I recently managed a successful 5km link across town, using just standard access points and antenna. While working out all of the signal loss calculations to see if the link was even possible, I started to understand how long range links work, and how manufacturers such as Cisco have been able to offer long range links while staying within the legal transmission power limits for Wi-Fi.
I had always assumed that the maximum range a wireless connection could be was about 1km (based on uk power limit) and this was in line with the practical range tests I had carried out. To get increased range, always required sticking a big antenna on the Access Point, pushing the overall signal well over the uk limit (20dbm).
While carrying out the 5km link test I found that the snr (signal to noise ratio) was not the really critical factor, but that it was the received power level that decided if a link was possible.
Transmit Power is independant of Receive SensitivityI had always assumed (wrongly) that an access point that transmitted at a higher power, would receive the signal at a higher power as well. This is not the case. Increasing the power that an access point (or any wireless device) transmits at, does not affect the level of signal it needs to receive in order to make a connection.
When you stick an antenna onto a wireless device, the antenna gain acts on both the transmit power and receive sensitivity, so you are not only sending your signal further (in a more focused direction), but your are also able to listen to weaker signals. The EU regulations only limit the transmit signal strength, not the receive sensitivity, so we need a way of increasing the receive sensitivity, but not increasing the transmit signal beyond the 20db limit.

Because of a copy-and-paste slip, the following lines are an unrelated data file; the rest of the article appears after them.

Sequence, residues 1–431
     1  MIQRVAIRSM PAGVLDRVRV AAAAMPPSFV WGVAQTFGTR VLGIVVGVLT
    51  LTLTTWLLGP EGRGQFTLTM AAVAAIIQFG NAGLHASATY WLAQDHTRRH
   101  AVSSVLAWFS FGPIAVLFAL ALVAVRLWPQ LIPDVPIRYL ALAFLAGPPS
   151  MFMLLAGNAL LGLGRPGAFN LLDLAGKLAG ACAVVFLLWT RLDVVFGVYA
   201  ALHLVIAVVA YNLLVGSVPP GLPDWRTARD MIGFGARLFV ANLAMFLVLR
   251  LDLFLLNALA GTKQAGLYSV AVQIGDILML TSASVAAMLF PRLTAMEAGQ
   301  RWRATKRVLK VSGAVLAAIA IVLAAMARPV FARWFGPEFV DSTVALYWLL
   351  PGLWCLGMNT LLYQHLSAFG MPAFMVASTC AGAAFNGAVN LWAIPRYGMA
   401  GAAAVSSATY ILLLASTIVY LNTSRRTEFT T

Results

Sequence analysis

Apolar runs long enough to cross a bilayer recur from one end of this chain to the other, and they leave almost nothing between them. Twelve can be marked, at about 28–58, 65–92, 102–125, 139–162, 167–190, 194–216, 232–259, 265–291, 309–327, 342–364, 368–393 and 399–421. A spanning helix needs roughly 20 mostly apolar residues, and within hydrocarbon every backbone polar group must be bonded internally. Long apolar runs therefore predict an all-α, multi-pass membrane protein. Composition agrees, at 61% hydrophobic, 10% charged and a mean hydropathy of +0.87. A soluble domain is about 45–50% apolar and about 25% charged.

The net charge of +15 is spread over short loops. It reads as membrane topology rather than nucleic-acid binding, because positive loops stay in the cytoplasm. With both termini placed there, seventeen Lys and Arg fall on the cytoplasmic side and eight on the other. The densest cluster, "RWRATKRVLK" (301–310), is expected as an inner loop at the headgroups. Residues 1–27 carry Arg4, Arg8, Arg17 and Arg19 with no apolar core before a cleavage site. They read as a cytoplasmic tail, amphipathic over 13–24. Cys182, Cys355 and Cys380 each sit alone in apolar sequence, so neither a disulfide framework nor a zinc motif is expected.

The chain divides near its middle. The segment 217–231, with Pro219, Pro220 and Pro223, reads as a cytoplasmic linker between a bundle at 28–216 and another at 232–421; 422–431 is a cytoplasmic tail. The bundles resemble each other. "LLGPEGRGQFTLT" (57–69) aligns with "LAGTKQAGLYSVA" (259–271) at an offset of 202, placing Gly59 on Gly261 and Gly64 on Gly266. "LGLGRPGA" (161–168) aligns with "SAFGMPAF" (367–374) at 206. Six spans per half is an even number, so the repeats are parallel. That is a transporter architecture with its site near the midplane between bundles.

Most access points and wireless devices in Europe transmit at 15 - 17.5 db. (Some may claim 20db , but this includes the gain of the small antenna they are using) This would limit the antenna gain to just 2.5 - 5db (or less), which is not going to affect the range significantly. In free space (ie outside, with clear line of sight  ) for every 6db of increased signal strength or receive sensitivity you can double the range between the devices.
Some wireless devices however, let you reduce the transmit power, which allows us to use a more powerful antenna. This does not increase the overall strength of the signal , but does increase the receive sensitivity. If we do this at both ends of the link, we can increase the range, while staying within legal limits.
The Maths Explained
TPowerA + AntGainA - SignalLossAtoB + AntGainB > ReceiveSensB
TPowerA = Transmit Power of A
In order to see how far we can get a signal, we need to calculate how much signal loss we can cope with, and still get a strong enough signal to B.
Maximum SignalLossAtoB = TPowerA + AntGainA + AntGainB - ReceiveSensB
As an example, if we base our figures on a 15db wireless device, 5db antenna at each end and -92 db receive sensitivity we get.
Maximum SignalLossAtoB = 15 + 5 + 5 - -92
In practice 117db should give you a range of 1-2 km (In theory it should be over 5km). If we now look at reducing the transmit power to 7db, and using 13db antenna on each end thus keeping the transmit signal strength to 20db, we get
Maximum SignalLossAtoB = 7 + 13 + 13 - -92
This gives us over twice the range of before, yet still keeps the signal strength legal.
 Device power is actually measured in dbm and antenna gain in dbi, but if you already know
this, then this article is probably not for you.
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